I found this fascinating photograph of a sewing class at the Jerome Relocation Camp for Japanese Americans in Arkansas by typing “sewing pattern” into the search engine of the Digital Public Library of America. This recent venture aims to collect the digital resources of libraries and archives across the United States. Although coverage is still spotty, it is an adventure to test the site’s resources. It includes not only photographs of people, but also pictures of artifacts, books scans, and even video clips. The DPLA site will take you back to the sites of the sponsoring institutions. My investigative searches brought up all kinds of resources I had not known about, including the Digital Library of Georgia, which has a wonderful photo series called “Vanishing Georgia.”
Turning to the photograph at hand, it shows a crowded classroom in Denton, Arkansas in 1943. The image comes originally from the National Archives. This appears to be a class investigating the process of rotating darts in bodice patterns. Both young and older Japanese American women crowd the tables, dressed predominantly in dark clothing. Cardigan sweaters are the most favored clothing item. I noted one big difference between the generations. The younger women were more likely to wear their hair loose, while their older colleagues wore their hair back tied back in buns or covered with scarves and snoods.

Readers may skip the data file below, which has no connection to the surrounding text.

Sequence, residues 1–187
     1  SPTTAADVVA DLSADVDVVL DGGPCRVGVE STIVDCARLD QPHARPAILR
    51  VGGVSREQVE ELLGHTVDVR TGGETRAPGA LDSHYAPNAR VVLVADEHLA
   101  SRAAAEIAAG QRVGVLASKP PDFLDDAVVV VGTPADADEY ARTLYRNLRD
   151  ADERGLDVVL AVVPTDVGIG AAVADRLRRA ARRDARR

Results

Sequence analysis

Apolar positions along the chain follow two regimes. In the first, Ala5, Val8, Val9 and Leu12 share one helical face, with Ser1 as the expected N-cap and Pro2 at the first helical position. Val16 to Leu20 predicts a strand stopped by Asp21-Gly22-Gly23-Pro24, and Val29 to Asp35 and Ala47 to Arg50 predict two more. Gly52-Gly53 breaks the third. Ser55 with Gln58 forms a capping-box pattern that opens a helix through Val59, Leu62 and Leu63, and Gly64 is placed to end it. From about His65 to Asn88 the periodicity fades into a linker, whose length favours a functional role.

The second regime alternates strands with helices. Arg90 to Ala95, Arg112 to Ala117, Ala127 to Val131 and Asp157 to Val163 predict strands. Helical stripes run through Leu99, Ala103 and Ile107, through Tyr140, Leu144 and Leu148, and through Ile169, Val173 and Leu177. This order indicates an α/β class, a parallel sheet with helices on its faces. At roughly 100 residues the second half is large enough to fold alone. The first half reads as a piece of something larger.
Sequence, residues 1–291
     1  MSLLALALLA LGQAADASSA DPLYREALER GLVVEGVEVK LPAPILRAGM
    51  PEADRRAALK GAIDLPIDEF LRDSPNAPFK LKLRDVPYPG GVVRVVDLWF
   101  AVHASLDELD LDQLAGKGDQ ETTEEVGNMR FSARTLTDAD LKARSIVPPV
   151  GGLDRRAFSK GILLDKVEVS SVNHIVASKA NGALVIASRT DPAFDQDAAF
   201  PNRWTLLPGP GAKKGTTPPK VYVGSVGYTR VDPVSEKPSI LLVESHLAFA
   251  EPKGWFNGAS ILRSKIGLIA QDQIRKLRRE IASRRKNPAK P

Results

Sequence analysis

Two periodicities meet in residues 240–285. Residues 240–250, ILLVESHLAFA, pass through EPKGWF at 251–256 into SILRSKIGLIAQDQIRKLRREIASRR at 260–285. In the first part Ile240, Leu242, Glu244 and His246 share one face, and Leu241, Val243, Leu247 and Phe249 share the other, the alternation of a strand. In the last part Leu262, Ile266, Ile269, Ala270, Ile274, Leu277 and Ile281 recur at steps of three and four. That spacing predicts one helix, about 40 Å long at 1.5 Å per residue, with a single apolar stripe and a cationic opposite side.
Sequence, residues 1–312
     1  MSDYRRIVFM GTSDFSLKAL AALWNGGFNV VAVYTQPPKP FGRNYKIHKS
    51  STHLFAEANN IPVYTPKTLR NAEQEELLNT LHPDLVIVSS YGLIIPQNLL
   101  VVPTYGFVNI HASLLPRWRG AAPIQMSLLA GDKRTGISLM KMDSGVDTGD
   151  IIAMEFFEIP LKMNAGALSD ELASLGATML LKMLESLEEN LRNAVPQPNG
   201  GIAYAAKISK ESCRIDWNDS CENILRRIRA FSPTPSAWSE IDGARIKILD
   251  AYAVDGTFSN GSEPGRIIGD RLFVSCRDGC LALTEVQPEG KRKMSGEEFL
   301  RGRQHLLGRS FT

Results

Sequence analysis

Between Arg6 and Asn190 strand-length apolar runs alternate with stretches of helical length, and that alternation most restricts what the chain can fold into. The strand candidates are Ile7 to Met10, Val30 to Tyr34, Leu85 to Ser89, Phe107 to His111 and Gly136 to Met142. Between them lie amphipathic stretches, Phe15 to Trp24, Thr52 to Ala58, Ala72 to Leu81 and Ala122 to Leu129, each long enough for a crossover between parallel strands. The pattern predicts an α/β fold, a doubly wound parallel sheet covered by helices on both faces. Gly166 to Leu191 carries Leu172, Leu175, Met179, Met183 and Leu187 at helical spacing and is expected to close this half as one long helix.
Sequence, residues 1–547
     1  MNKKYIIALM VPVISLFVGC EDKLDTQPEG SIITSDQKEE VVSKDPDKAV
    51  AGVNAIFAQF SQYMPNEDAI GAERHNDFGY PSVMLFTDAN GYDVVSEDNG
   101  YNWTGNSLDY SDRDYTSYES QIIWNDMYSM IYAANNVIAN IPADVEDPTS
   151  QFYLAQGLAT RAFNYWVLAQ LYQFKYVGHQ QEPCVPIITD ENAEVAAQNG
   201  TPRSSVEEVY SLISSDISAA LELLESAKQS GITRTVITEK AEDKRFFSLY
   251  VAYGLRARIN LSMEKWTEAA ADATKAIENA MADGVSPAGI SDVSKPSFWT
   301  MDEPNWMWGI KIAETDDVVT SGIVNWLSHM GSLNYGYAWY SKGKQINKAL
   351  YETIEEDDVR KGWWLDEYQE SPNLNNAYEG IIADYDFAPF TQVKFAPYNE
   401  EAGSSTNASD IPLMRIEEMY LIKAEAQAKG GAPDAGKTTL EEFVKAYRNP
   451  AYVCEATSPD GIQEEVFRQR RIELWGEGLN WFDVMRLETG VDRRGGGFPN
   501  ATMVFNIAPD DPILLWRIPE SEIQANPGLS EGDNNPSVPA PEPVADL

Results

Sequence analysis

I am looking forward to integrating the resources of this new site in order to investigate the complex backgrounds of American older women.